There was so much hype about this book it’s insane. This book almost single-handedly started the John Green fandom on Tumblr. It’s because of all the hype, however, that I was reluctant to read this book. There had been much hype around Twilight and I’d hated that. I didn’t want to be burned twice. But, when I got the book for Christmas I decided I’d give it a try.
As it turns out, the book is not bad. It was one of those stories I could blow through in a single night, but never be so deep in that I didn’t notice time was moving around me or that I was reading words on a page. Part of the reason it was such a quick read is that John Green doesn’t really use five dollar words. The other reason is, well I read way longer books in a single night, it wasn’t hard to finish this book by the end of the day. Anyway, let’s get into the plot.
The story mainly follows two teens, Hazel Grace and Augustus Waters, but I suppose the true main character is Hazel. Hazel is 16 and has thyroid cancer that has spread to her lungs (hence all the pictures of the girl with the oxygen tank). She is depressed, according to her parents and her doctors and forced to go to this cancer patient support group in the basement of a church. The meeting is pretty depressing stuff, to be honest, but that’s where she meets Augustus, who shows up with this kid Issac, who might lose his eyes but trades looks with Hazel every time their group leader does and says stupid stuff. Augustus only has one leg thanks to osteosarcoma and likes metaphors (note the cigarette in his mouth that is never lit). Not gonna lie, when I first started it I thought it was pretentious as hell but, for some reason, as I continued the characters began to grow on me. Hazel and Augustus form a bond almost instantly and agree to read each other’s favorite books (what better why to learn a person, I ask you). The book Hazel gives Augustus ends up being an integral part of the story as she is in love with novel, has read it several times, and desperately wants answers from the author about all the unanswered questions left at the end. It is later revealed she is so desperate for answers because she wants to know what will happen to the people in her own life if she passes as the main character of the book, An Imperial Affliction, did. Augustus tracks down Peter Van Houten, the author, and his assistant connects him directly to Van Houten. Gus and Hazel try to question Houten about the ending of his book but he tells them he can’t tell them over email for fear of them selling his writing. This sets them up for a very important trip. They go to Amsterdam where Van Houten is living, meet him and learn his is a mean-spirited drunk, Gus confesses his love for Hazel and then that his cancer, which had been in remission, was back.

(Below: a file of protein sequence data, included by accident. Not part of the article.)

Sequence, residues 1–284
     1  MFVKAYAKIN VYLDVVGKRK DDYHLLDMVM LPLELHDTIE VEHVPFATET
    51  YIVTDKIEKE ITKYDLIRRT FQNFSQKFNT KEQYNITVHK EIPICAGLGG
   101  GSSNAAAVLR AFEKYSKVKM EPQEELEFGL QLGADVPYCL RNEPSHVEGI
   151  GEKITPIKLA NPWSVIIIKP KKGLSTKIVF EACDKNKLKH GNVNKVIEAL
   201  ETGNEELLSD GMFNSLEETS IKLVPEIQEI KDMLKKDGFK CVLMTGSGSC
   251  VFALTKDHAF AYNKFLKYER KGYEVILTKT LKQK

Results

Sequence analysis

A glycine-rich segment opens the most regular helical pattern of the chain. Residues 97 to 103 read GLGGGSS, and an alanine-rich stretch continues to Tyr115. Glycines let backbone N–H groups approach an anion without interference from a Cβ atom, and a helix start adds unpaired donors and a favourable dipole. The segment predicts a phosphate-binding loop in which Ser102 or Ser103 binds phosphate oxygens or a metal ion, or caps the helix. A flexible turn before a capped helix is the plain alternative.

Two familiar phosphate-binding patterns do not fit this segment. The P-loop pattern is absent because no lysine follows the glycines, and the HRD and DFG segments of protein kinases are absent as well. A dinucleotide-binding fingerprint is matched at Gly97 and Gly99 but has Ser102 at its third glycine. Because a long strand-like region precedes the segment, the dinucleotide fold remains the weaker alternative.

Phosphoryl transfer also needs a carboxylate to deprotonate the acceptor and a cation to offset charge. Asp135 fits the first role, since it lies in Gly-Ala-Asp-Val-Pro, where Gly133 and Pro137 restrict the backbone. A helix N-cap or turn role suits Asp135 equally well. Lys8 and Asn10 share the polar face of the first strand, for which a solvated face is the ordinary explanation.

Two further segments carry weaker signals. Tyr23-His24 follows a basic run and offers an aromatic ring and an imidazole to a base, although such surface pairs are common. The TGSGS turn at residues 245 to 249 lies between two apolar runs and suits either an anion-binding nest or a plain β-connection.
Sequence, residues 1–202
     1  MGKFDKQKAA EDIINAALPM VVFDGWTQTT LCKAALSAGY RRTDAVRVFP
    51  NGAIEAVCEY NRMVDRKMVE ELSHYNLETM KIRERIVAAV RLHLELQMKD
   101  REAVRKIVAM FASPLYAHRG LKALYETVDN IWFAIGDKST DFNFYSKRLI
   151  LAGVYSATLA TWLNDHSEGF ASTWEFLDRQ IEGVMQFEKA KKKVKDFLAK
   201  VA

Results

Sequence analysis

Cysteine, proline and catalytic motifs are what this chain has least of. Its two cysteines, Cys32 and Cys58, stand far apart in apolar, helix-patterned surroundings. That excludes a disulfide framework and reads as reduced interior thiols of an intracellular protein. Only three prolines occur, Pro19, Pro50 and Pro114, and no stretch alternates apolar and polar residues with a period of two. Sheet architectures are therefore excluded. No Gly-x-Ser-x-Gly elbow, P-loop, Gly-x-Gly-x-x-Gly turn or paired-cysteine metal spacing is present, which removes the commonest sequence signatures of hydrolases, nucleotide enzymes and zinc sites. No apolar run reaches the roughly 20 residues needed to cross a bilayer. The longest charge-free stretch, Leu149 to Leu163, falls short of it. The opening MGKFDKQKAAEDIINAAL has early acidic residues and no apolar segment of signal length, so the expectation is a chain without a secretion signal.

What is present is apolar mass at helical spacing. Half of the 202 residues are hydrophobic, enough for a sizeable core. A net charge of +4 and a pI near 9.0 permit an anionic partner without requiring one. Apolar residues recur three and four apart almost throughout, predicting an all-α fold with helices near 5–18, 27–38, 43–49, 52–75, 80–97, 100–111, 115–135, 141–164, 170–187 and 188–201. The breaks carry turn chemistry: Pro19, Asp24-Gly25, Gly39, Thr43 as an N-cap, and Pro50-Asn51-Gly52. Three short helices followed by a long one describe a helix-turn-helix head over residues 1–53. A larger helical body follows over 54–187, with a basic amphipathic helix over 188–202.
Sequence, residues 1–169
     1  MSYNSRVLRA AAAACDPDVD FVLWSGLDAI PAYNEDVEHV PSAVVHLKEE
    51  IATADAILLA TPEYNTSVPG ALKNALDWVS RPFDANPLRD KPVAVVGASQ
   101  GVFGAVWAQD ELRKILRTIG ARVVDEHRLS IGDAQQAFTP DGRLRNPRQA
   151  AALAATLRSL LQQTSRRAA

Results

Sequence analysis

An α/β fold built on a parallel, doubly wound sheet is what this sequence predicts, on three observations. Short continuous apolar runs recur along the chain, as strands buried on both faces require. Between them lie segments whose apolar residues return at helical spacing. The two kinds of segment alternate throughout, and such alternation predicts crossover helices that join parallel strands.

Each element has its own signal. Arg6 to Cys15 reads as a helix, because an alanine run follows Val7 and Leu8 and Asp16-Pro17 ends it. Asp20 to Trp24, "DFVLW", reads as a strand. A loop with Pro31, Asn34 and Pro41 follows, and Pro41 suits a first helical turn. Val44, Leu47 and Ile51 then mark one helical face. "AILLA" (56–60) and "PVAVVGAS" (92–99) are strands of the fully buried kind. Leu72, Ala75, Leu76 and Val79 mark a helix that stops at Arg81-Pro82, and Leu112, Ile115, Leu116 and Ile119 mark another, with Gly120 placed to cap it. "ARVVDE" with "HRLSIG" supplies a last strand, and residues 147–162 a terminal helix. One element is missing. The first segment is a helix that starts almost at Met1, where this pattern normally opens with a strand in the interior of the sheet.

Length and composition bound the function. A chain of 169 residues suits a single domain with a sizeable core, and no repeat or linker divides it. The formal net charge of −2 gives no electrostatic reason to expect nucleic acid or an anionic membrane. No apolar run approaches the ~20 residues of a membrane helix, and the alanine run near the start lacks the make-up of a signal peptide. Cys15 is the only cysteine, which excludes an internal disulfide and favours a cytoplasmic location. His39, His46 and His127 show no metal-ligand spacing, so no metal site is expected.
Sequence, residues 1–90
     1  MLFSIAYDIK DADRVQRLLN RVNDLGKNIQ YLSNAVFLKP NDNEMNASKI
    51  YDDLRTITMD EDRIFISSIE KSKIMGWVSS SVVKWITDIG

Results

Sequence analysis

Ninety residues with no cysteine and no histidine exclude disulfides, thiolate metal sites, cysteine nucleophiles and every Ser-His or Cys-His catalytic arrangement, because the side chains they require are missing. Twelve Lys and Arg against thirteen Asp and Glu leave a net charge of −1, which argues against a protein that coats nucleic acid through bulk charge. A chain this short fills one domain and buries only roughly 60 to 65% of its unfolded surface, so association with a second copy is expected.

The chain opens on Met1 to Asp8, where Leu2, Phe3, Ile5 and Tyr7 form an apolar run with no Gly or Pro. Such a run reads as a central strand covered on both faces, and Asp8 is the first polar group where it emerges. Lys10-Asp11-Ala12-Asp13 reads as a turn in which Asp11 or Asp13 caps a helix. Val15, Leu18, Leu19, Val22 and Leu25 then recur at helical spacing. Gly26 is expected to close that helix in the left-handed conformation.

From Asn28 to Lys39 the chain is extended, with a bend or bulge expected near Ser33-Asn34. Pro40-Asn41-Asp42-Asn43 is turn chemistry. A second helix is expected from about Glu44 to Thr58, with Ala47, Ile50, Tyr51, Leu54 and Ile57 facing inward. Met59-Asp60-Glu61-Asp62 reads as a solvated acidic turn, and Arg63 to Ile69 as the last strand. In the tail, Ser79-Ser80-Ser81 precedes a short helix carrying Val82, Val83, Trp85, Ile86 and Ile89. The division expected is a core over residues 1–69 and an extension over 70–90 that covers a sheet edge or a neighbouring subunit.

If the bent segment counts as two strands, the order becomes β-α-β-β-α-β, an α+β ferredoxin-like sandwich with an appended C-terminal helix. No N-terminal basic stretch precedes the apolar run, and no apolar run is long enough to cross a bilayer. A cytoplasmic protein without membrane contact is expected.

I will not spoil the ending like it was spoiled for me, but I will say, despite knowing what was coming I was still left both hopeful and sad. If I am being honest, I did enjoy this book. I found it slightly clique and insanely quotable, and I’m not entirely sure if that’s because every line felt like it was written to be quotable or because Green is simply that good, but I still really enjoyed this book. There was a sort of honesty in the cancer that some shows and books don’t give you. Not every moment is happy and hopeful and full of unrealistic energy. Some days were honest to goodness bad for these characters. Not everybody goes into miracle remission. There is a sort of calm acceptance and underlying fear from these characters that makes you believe they are out there dealing with this. The parents are written with a truth you’d expect from someone having personally gone through this. I can’t say why this story didn’t suck me in as fully and as completely as others I have read, but there was just something there keeping a distance between me and the world presented to me in the story. Despite that, I’d still say if you’re curious you should give it a try.